C-Suite Partners

Matt Hanrahan – Deputy CEO – Calvary Health Care

Subscibe to our podcast

Transcript

Intro  0:13  
Many aspire to reach the upper echelon of the healthcare industry, but few are able to successfully navigate the corporate ladder. As Asia becomes the world epicenter of the healthcare industry, C-Suite Partners sits down with international healthcare executives asking the tough questions and unpacking the personalities of the top industry leaders.

Welcome to the boardroom.

Michael Murray  0:35  
Matt, thank you for joining C-Suite Partners in the boardroom.

Matt Hanrahan  0:39
You’re welcome.

Michael Murray  0:40
First question, which you got tell you about the next 10 years in Australian healthcare. 

Matt Hanrahan  0:45
There’s lots of disruption, as we know, lots of challenges. But for me great opportunities and excitement. We need to be better at the heart what I call the horizontal it’s his care following the person Yes, rather than the person following the care. There’s challenges about doing that at the moment with different revenue models. But there’s also a great opportunity. And we’ve got to take risks, calculated risk, but we’ve got to take risks and do things differently. 

Michael Murray  1:09
And what do you think about this cross-pollination of healthcare executives coming from outside of the industry, professional services, banking telecoms? 

Matt Hanrahan  1:17
I think it’s a great idea. And I think it’s a great opportunity. Health is one of the biggest industries in Australia. Yeah, it’s a very small group. Yes. And everyone tends to know everyone or know someone who knows someone. Yeah. And I think being challenged by other industries and learning from other industries, is certainly something we need to do more of. And I’ve certainly worked with a lot of people who don’t have come from a clinical or health background and have been some of the best executives I’ve ever worked with no challenges the way we think, and particularly with the challenges that we spoke about earlier, where Health’s going, the disruption, if you just look in community care, and the NDIS is the whole focus of where now person-centred care and what we traditionally have done, is not cutting it, we need to change our models, and what we do both from a career perspective and a business perspective. And we need to call out what expertise and skills we need. And having come in a speech pathologist who’s been a health manager, yeah, may not know all those things, and all being an expert in marketing, in those sorts of things. Having said that, I’ve seen people go the other way from healthcare into other industries, okay. And being hugely successful as well, well, okay, healthy is a great incubator for good managers, and teachers, managers to be able to deal with multiple challenges at the same time, as I said before, it is challenging, working in health, but it’s very rewarding. And if you can do well, in managing health, there’s no reason why you can’t do well. And in my experience, you do really well in other industries.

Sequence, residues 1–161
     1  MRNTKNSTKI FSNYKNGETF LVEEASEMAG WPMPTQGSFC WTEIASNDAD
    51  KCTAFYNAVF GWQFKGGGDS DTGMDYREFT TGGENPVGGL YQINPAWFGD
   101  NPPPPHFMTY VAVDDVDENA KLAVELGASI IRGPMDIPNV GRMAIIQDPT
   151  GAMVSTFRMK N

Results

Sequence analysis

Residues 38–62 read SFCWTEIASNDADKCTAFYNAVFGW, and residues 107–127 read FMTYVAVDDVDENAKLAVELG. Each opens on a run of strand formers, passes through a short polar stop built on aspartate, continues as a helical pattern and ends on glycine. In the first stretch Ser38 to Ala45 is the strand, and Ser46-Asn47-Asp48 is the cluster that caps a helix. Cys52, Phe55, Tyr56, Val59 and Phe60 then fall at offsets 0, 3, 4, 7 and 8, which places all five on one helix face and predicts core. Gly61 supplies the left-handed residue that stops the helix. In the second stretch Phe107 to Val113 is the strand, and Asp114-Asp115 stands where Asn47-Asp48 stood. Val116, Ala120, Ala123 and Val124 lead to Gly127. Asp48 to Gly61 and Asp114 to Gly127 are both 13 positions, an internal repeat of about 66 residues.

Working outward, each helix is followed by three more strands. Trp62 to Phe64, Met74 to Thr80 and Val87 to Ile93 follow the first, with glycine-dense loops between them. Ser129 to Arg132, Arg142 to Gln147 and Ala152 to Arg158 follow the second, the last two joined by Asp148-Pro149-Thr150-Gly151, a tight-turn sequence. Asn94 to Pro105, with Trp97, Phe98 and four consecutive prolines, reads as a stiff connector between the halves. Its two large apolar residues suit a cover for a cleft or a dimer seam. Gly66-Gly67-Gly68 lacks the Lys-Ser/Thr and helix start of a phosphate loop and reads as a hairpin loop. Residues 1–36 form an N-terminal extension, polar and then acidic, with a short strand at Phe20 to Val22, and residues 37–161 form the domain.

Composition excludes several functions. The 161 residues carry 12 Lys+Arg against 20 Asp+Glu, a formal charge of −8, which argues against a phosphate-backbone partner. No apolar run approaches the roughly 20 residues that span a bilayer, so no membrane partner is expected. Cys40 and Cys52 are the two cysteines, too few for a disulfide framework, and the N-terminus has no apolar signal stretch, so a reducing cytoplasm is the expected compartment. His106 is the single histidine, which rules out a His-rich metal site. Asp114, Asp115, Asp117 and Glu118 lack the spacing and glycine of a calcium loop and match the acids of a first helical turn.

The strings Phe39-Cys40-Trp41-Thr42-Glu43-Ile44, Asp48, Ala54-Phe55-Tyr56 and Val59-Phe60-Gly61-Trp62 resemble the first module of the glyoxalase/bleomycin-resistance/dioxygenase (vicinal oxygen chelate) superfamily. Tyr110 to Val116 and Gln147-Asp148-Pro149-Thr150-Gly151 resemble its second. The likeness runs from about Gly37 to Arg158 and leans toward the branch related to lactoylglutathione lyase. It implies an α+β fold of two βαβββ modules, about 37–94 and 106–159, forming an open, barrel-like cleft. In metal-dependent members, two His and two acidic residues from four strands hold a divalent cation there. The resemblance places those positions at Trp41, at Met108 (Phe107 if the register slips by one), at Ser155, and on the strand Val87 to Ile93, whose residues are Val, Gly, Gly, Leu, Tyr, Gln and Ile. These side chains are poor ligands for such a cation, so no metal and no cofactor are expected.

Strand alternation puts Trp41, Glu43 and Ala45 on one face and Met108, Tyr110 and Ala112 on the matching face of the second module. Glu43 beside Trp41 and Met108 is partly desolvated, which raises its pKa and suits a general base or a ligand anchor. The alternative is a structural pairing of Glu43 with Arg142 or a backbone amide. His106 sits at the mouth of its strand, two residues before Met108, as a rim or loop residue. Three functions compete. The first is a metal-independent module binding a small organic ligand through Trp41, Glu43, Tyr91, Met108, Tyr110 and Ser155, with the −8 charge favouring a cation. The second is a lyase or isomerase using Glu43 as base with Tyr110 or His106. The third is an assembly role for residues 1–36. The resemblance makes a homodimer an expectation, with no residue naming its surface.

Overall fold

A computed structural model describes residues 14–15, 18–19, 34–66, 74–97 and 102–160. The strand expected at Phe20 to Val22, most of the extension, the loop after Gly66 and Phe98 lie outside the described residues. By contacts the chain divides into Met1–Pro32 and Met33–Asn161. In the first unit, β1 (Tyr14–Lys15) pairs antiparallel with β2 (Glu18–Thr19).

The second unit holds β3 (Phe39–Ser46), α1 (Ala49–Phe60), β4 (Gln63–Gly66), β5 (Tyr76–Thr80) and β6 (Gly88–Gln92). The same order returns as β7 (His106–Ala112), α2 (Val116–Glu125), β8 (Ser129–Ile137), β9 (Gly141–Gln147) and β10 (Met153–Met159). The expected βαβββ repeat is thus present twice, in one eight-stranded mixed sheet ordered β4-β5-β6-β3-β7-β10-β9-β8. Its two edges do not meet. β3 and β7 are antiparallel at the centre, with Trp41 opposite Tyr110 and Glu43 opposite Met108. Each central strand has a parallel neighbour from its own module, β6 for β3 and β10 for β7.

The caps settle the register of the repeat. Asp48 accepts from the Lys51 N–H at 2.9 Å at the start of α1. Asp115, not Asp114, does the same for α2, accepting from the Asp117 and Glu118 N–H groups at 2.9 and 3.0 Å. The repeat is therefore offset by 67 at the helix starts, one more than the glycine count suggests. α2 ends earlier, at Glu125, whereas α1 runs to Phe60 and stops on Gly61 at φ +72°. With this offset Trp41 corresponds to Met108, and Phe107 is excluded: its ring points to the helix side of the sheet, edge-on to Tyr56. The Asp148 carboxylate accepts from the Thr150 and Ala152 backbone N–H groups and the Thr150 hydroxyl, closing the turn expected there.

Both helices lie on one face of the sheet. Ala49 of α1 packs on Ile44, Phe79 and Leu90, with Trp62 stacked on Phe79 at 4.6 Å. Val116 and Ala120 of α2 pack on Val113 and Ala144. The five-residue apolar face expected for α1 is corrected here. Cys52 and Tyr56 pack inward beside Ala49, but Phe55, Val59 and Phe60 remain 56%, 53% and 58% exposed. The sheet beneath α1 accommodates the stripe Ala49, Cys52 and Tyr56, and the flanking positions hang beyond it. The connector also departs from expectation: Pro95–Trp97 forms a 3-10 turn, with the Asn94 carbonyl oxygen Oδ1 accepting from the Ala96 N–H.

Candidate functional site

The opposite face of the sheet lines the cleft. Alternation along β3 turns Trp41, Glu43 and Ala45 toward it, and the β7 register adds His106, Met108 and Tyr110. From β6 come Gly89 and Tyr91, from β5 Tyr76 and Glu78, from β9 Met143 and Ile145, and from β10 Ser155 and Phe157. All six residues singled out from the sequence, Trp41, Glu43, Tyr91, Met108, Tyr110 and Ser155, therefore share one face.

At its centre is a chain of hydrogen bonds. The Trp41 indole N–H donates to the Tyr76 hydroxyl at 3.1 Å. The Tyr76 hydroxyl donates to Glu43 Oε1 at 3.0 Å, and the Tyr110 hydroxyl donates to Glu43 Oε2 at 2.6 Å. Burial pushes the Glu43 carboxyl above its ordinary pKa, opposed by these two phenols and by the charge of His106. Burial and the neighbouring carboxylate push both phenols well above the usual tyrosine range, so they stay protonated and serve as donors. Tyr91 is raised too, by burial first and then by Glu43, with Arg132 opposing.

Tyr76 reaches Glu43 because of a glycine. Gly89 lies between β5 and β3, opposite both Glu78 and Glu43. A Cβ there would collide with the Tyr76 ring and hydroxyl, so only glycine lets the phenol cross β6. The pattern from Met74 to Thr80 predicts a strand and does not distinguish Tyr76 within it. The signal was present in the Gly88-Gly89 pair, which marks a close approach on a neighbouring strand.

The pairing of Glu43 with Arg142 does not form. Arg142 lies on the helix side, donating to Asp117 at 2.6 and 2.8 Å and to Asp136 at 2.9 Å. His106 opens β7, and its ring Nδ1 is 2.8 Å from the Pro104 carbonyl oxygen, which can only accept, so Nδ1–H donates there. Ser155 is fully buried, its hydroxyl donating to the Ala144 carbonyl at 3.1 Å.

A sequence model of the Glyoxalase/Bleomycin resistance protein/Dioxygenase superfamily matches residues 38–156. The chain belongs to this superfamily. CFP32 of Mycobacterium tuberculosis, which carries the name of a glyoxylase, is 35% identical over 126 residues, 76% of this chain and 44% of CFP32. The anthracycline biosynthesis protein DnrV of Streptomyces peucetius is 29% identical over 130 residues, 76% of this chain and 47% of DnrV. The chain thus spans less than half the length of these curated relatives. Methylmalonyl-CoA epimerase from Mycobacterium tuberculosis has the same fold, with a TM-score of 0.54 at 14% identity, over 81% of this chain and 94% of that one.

Michael Murray  2:59
So what would you look at with characteristics for an executive working for you? 

Matt Hanrahan  3:06